Comptia Network+ Tutorial: Module 01, Part 07 – Everything About DNS




DNS Configuration

This part focuses on Domain Name Services (DNS). In this you will be able to learn why are the web addresses introduced despite IP addresses and how they are mapped. You will also get to know about DNS servers which keep track of domain information.

DNS

It is not always practical to learn the IP Address of each website. In order to make names of public web sites easy to remember they are assigned domain names. But domain names are just for the use of people, whereas computers still access those websites through their IP address. For e.g. a website named www.example.com have an IP address like 12.34.56.78 associated with it which is used to access it on the web. Through DNS (Domain Name System) names of public Web sites and other Internet domains are managed.

Domain Name Servers keep a directory of domain names and translate them to Internet Protocol (IP) addresses. For a computer to work as a domain name server, it should be registered to join the domain name system. Forward IP address lookup converts an Internet name to an address whereas reverse IP address lookup converts the number to the name.

Dynamic DNS

Dynamic DNS is the technique of automatically updating the name server. The IP addresses assigned to the users may be either static or dynamic. As the dynamic IP addresses change frequently, they need to be re-mapped in the DNS by the domain controller. With dynamic DNS reconfiguration of the IP is automatically done and thus proving the correct IP every time.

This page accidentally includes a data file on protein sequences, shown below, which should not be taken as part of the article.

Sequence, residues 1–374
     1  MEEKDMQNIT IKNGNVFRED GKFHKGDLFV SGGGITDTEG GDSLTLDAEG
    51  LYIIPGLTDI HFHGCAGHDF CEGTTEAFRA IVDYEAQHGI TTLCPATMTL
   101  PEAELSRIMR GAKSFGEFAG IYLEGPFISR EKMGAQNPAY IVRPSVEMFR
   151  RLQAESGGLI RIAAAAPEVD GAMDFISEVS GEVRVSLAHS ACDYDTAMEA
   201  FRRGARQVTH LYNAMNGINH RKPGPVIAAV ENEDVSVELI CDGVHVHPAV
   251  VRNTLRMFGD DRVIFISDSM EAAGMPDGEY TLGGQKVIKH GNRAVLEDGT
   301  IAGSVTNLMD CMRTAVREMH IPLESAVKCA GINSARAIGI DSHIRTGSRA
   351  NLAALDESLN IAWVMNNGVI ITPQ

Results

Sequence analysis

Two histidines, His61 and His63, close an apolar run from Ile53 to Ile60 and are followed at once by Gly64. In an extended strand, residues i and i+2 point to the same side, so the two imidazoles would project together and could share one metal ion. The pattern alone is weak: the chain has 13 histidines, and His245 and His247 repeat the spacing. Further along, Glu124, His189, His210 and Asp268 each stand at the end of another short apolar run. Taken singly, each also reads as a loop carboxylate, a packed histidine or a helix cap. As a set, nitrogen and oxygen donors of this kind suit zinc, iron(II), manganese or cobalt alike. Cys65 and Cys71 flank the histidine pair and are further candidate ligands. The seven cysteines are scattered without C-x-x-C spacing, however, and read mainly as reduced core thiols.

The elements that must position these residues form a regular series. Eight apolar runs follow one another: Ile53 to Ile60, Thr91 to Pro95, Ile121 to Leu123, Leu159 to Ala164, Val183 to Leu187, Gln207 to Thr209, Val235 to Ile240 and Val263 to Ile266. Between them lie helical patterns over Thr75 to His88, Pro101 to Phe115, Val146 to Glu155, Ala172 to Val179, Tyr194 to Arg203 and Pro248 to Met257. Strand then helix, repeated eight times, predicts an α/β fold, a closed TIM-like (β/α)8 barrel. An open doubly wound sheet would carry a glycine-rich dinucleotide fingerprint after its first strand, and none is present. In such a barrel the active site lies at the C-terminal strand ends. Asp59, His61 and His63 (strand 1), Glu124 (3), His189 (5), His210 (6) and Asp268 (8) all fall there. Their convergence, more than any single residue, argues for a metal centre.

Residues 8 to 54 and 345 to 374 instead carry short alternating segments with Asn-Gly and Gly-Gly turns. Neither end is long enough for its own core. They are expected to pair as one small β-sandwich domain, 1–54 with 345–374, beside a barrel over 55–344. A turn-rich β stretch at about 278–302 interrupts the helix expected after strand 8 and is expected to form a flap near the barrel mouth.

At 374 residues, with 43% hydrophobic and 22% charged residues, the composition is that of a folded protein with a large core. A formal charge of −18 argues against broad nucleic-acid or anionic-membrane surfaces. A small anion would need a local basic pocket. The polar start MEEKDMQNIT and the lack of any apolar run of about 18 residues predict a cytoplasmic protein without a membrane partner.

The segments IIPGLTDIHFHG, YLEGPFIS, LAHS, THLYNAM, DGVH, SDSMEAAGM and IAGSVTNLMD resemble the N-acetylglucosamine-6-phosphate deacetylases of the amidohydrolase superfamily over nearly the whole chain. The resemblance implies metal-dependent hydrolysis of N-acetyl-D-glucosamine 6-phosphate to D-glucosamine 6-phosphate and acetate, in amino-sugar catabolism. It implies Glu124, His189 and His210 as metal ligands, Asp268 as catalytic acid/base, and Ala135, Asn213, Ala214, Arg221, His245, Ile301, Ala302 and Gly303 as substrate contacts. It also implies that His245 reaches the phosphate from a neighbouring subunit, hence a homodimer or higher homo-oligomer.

Specific Functions of a DNS Server

Various DNS servers maintain part of the overall database of domain names. When we try to open a website on our computer, our computer works as a DNS client. It sends request to the Internet Service Provider’s (ISP) DNS server to resolve the domain name. If that name is found on the server, it sends the IP address; otherwise the request is automatically passed to another DNS server higher in the hierarchy.  This process continues until the name is not resolved. And once it is found it is transmitted back to the requesting client through the chain of intermediate clients.

DNS Records

Through DNS records, web server is provided with the data to tell it to how to respond to the input.

  • A – Address Record. It is the actual IP address of the domain. They are for forward lookups only.
  • AAAA – IPv6 address record. It maps a hostname to a 128-bit Ipv6 address instead of mapping to 32-bit IPv4 addresses.
  • CNAME – Canonical Name. It is used to associate new subdomains with an existing domain’s DNS records.
  • MX – Main exchange. It is a list of mail exchange servers that are to be used for the domain.
  • PTR – It maps an Ipv4 address to the CNAME on the host. It is for reverse lookups.